Qantas’s relaunch of ‘mystery flights’ has been a big hit with the three services to surprise destinations selling out in a flash.
Qantas’s relaunch of ‘mystery flights’ has been a big hit with the three services to surprise destinations selling out in a flash.

Qantas mystery flights sell out in 15 minutes

In an encouraging sign for domestic tourism, Qantas's relaunch of "mystery flights" has been a roaring success with all three selling out within 15 minutes of going on sale.

The flights out of Sydney, Melbourne and Brisbane to a surprise regional destination differ somewhat to the "mystery flights" the airline staged in the 1990s, with a day of activities included in the airfare.

All 130 seats on each flight, costing $737 in economy and $1579 in business class, were snapped, with the Sydney service selling out in just 11 minutes.

A Qantas spokeswoman said there was a near 50 per cent spike in traffic to the Qantas website as a result of the flights going on sale.

Given the demand, the airline is expected to consider offering more mystery flights, potentially from other Australian cities.

As well as generating revenue and supporting domestic tourism, the flights would mean more work for Qantas employees, with 11,000 workers still stood down.

A Senate Committee hearing on the impact of COVID-19 on the aviation industry was told that across the sector some 31,000 workers were receiving JobKeeper late last year.

Treasury first assistant secretary Matthew Brine said employment in the aviation sector remained 19 per cent below pre-COVID levels, compared to 3 per cent below for the rest of the workforce.

"Payroll jobs in the air and space sector have declined 10.1 per cent," said Mr Brine.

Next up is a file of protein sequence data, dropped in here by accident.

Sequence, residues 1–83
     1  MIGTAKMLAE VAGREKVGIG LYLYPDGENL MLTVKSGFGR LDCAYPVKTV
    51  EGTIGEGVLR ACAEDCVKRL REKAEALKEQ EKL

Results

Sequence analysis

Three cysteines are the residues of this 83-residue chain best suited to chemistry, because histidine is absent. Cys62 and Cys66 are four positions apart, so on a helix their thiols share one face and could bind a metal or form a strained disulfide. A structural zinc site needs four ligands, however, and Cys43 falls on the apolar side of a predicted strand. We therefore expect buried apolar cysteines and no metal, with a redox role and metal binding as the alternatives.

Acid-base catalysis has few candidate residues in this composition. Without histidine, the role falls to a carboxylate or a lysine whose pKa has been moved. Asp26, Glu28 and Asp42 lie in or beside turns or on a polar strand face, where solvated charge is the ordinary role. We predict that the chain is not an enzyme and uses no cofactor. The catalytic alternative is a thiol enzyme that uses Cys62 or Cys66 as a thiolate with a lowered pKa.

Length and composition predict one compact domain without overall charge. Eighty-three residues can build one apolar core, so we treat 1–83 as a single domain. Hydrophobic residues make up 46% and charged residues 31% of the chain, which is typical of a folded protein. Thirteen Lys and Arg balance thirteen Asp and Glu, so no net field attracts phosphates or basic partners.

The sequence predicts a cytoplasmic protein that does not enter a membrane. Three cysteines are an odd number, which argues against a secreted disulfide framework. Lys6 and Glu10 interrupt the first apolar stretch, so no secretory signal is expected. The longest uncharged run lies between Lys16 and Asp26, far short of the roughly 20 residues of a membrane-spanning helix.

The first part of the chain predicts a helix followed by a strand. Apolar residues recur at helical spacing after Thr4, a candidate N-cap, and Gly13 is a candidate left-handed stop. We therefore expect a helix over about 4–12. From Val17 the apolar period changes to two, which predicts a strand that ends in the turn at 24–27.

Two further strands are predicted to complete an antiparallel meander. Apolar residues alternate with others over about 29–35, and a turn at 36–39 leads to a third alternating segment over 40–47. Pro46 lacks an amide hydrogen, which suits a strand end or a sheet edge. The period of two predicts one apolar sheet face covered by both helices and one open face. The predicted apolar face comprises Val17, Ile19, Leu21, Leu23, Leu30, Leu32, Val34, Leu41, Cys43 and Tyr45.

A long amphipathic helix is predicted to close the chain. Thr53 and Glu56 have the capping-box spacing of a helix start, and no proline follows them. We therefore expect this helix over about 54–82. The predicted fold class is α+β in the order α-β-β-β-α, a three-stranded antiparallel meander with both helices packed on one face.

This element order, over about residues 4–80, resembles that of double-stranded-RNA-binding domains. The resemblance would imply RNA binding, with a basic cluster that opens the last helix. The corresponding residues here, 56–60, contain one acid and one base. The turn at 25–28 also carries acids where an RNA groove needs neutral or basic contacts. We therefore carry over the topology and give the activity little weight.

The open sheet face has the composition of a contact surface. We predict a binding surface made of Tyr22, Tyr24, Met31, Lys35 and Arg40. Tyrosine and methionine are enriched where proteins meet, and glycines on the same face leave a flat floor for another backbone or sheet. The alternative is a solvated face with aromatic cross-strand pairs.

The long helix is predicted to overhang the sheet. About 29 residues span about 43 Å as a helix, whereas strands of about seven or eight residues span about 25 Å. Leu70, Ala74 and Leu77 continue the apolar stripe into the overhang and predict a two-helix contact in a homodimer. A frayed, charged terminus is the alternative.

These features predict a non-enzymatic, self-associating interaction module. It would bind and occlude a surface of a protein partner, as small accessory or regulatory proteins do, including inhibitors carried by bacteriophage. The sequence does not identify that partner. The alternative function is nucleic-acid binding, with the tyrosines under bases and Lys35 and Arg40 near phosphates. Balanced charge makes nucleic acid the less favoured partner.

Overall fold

"One bit of good news for the sector was a reduction in jet fuel prices but that's now largely unwound, with fuel at a 13-month high putting further pressure on the aviation sector."

Labor Senator Tony Sheldon questioned whether it was appropriate that Qantas had received $726m in JobKeeper allowance to date, yet 8500 jobs had been lost.

Mr Brine responded that the intent of JobKeeper was not to ensure that every employee who was employed at the start of the COVID crisis would remain employed.

"We were trying to build a bridge through the COVID crisis so companies were able to get to the other side of the crisis and recommence their operations," said Mr Brine.

"Some companies have made the decision in line with economic opportunities they see arising in coming years, they've had to reduce their workforce and it's tragic for the individuals affected but you wouldn't want to have policies in place that prevent that happening."

On Wednesday, Qantas domestic and international chief executive Andrew David suggested the airline could not rule out more redundancies, given the prolonged nature of the COVID crisis.

He said Qantas had asked the federal government for further aid once JobKeeper ended in the form of financial assistance for training of pilots and crew to keep them current.


Originally published as Qantas mystery flights sell out in 15 minutes